Let’s talk about racist mascots.

Earlier this year, Colorado passed SB116, which banned high schools from using mascots or imagery that depict Native Americans. Schools in violation of the law as of June 1, 2022 will face a $25,000 monthly fine. Gov. Polis’ signed the bill on June 28, drawing criticism from groups like the Native American Guardians Association and local school boards, both of whom wish to retain the offensive imagery of Colorado’s schools.

No legislation is passed in a vacuum. SB116 is representative of a nationwide shift away from sports organizations using racist, outdated mascots. In the professional sports world, the Washington Football Team prominently pivoted away from their former logo and title, thanks to multiple lawsuits and sponsors threatening to pull support. More recently, the Cleveland Indians announced that the 2021 baseball season would be the last under that club title. These high-profile attempts to catch up with the times made waves in the news, but there is still a lot of work to be done.

As of last October, 1,232 high schools still boasted Native American team names.

Over 1,000 high schools across the country wear racist insignias and shout antiquated chants at football games and see nothing wrong with that. To their credit, hundreds of these schools are in the process of changing their traditional garb and nickname to align with 2021’s values. Some of them did it after years of activism and community organization while others, like many in Colorado, are compelled by legislation to address the status quo.

Many proponents of the status quo…ahem, racists…will point out that groups like the Native American Guardians Association don’t want to see mascots reformed. They pour money into lawsuits, throwing around terms like “unfunded mandate” and “local rights” while conveniently ignoring the combined effort of hundreds of Native American groups to get rid of offensive mascots. In short, arguments to “preserve heritage,” even by some Native American groups, fall flat. They pervert a collective and longstanding desire for change by boiling it down to only their feelings.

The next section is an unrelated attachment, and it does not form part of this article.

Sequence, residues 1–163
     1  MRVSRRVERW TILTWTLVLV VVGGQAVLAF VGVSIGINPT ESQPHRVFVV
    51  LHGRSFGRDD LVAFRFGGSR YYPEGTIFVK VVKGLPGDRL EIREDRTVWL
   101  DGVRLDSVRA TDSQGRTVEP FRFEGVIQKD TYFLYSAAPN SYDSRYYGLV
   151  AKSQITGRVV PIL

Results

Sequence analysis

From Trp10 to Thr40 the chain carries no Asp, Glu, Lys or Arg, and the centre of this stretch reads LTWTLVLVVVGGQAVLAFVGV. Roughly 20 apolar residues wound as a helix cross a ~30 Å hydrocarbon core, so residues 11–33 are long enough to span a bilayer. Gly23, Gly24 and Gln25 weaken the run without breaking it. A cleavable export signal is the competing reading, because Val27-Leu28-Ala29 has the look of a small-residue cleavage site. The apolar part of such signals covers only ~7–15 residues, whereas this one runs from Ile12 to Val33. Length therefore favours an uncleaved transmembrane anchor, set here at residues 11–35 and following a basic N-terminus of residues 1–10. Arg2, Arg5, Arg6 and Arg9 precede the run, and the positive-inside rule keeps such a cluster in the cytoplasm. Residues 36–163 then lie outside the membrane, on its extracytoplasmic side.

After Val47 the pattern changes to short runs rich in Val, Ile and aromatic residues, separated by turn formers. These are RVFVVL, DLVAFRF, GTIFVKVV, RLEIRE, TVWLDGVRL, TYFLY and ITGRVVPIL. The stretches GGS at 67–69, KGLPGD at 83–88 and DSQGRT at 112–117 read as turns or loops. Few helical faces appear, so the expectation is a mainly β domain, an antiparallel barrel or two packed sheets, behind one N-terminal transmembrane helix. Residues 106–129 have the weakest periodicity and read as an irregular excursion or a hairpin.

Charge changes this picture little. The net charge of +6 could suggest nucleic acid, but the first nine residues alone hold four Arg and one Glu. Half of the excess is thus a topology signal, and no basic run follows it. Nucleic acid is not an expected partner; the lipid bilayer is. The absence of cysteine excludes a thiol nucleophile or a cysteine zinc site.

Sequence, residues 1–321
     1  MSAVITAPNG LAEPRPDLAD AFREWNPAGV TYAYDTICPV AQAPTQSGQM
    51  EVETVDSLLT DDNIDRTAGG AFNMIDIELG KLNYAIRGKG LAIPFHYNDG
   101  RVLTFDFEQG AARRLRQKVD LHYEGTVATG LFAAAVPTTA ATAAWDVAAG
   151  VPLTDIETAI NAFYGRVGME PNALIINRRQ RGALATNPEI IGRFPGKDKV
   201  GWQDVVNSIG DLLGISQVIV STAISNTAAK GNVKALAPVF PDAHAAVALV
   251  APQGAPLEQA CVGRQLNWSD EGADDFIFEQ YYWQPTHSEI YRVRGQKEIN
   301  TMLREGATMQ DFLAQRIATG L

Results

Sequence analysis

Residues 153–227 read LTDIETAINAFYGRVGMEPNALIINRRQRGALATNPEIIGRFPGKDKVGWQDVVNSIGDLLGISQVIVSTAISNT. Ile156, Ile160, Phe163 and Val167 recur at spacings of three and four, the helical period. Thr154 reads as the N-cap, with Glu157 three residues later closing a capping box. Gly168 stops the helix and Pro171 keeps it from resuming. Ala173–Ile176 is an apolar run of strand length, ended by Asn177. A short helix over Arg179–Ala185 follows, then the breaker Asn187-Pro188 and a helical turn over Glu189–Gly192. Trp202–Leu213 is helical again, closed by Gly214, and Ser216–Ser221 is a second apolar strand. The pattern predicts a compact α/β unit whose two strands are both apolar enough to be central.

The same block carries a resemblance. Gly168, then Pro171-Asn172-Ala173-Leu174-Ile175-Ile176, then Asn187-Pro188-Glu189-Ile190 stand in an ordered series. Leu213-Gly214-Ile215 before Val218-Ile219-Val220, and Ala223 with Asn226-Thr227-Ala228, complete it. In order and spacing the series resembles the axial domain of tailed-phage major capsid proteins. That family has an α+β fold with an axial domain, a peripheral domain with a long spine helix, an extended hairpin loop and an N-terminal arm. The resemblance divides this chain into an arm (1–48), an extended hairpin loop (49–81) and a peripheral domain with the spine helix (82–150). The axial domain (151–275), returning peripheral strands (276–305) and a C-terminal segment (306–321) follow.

This movement is in fact, not benign. In fact, a Center for American Progress study concluded that by using offensive mascots, school administrators create hostile learning environments and undue anxiety for Indigenous students, even linking such imagery to youth suicide and low self-esteem.

So, if opponents to bills like SB116 could be pipe down about the evils of political correctness, we’d appreciate it. What about the evils of institutionally bullying Indigenous students? The psychological and emotional harm that comes from decades of trotting out offensive mascots far outweigh the importance of tradition. Using stereotypes only perpetuates biases, especially among impressionable adolescents.

The truth is simple: offensive mascots dehumanize Indigenous people. Imagery such as this doesn’t provide any room for Native American groups to define themselves but rather grants that luxury to outdated stereotypes. And in case you weren’t aware, our country has been doing this for far too long. Our federal and state governments spearheaded an intensive effort to “civilize” Indigenous groups by teaching them Western customs and erasing their culture.

There’s been a recent focus in Canada and some parts of the U.S. on boarding schools, in which teachers tried to “assimilate” Indigenous students. Curriculum there included forcing Christianity upon young children and instilling rigid discipline and individualism, both principles of Western culture.

Claiming Native Americans as your mascot is along these same lines. It’s another step in a long erasure of Indigenous culture and pride. The impacts go beyond the esoteric too. From harming the psychology of students to perpetuating racism, there are real-world consequences to the actions of our school boards and communities. So, please, enough with the importance of maintaining tradition. Convention is nothing against the well-being of students and our national discourse.

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